GUIDELINE ALERT: NEW 'mandatory' assessment tool for concussions updated this year.
Not yet in print: SCAT 5 now available
List NINE red flags for a pediatric patient with concussion that indicate higher likelihood for neurosurgical intervention.
List FIVE important recommendations to make when counseling a patient with concussion regarding return to school.
List FIVE important recommendations to make
when counseling a patient with concussion regarding return to sport.
List the 11 “R”s of Sport-Related Concussion management.
Answers are in the blog below or the linked articles.
I was recently told by a sports medicine expert that when he consults on medico-legal cases related to concussion, the first thing he checks for is whether the doctor used a Sport Concussion Assessment Tool (SCAT) questionnaire - what he considers to be a mandatory part of concussion care.
If you are up to date with your concussion management, you are evaluating and following up with your patients using the SCAT3 - until now.
The British Medical Journal of Sports Medicine has just released the latest version, the SCAT5, available online as it has not yet been printed.
No, you didn’t miss the SCAT4
Before discussing the changes, you must be asking what happened to the SCAT4 since the previous edition of the SCAT was the SCAT3. The SCAT5 is the next version, and no, there was no SCAT4 - the number 5 comes from the “5th International Consensus Conference on Concussion in Sport” where the SCAT5 was developed.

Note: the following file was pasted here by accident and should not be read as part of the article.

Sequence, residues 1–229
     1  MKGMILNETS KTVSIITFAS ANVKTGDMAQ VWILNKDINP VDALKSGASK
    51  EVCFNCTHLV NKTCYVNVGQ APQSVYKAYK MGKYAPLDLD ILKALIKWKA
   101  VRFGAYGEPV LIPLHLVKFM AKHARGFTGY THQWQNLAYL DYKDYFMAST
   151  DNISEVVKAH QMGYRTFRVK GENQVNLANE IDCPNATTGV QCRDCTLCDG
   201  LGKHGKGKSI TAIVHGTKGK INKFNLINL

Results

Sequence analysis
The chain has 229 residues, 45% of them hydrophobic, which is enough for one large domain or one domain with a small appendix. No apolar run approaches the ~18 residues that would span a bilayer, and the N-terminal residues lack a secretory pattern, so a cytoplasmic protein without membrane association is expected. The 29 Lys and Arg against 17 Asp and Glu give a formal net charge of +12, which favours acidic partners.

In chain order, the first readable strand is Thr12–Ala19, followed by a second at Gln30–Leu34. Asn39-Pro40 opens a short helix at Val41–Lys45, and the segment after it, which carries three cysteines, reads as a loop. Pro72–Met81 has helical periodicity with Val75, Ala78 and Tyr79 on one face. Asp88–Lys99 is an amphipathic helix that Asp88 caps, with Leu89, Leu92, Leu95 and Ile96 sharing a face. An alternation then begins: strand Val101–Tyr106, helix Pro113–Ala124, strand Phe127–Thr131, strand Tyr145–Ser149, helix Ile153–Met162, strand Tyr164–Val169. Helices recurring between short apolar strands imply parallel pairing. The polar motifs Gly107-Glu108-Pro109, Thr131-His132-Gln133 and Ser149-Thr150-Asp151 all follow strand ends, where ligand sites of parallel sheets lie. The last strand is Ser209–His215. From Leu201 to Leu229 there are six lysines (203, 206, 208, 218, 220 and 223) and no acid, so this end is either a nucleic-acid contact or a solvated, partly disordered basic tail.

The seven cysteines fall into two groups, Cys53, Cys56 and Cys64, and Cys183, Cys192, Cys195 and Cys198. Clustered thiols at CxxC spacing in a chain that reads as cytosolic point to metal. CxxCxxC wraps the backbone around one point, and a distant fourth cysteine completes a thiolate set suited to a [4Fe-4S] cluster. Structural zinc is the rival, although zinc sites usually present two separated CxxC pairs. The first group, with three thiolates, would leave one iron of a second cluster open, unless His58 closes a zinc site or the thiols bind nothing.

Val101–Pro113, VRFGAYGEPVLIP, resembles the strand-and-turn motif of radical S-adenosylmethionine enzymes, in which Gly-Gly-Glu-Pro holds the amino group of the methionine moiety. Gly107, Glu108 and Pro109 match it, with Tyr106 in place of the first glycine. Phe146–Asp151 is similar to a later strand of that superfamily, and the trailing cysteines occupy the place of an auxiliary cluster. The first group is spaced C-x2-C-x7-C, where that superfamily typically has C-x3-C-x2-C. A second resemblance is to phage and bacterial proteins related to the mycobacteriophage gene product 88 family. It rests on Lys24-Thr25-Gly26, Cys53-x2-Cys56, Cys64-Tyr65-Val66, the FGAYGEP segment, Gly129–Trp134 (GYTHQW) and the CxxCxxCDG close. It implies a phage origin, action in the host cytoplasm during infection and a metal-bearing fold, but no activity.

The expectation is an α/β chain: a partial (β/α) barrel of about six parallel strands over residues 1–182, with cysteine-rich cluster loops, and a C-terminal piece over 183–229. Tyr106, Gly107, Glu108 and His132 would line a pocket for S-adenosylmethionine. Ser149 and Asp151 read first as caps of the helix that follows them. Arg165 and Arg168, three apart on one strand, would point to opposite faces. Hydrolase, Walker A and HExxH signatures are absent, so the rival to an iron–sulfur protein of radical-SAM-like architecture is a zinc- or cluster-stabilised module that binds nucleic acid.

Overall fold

The SCAT5 is actually two tools, the SCAT5 and the Child SCAT5. Changes for the child version are detailed in the consensus statement, and some of these changes include:
RED FLAGS of concussion on Page 2
Addition of a Rapid Neurological Screen (RNS)
Updated information on the Return to School
Alliteration Aids Awareness and Appropriate Action
The adult version consensus statement includes an updated definition of concussion, and the alliteration fans on the guideline writing team summarize the management into the 11 Rs of sport-related concussion:
Recognise; Remove; Re-evaluate; Rest; Rehabilitation; Refer; Recover; Return to sport; Reconsider; Residual effects and sequelae; Risk reduction.
Key points from the consensus statement:
Recommend prevention and baseline SCAT5 testing for athletes
Know the definition of persistent symptoms: >10-14 days in adults, >4 weeks in children, and how to manage these
List appropriate referrals for a patient with persistent symptoms, including multidisciplinary care by experts in psychological, cervical, and vestibular rehabilitation and neuropsychological testing
Diagnosis is still based on clinical assessment and ruling out sinister diagnoses that mimic concussion (such as neck injury or brain bleed). Biomarkers are being researched but not yet recommended for mainstream use.
EXAM TIP: On an exam, don’t forget to say you would remove the concussed athlete from sport! Sometimes the most obvious points are the most easily missed.
Download the Child SCAT5 here.
Download the SCAT5 here.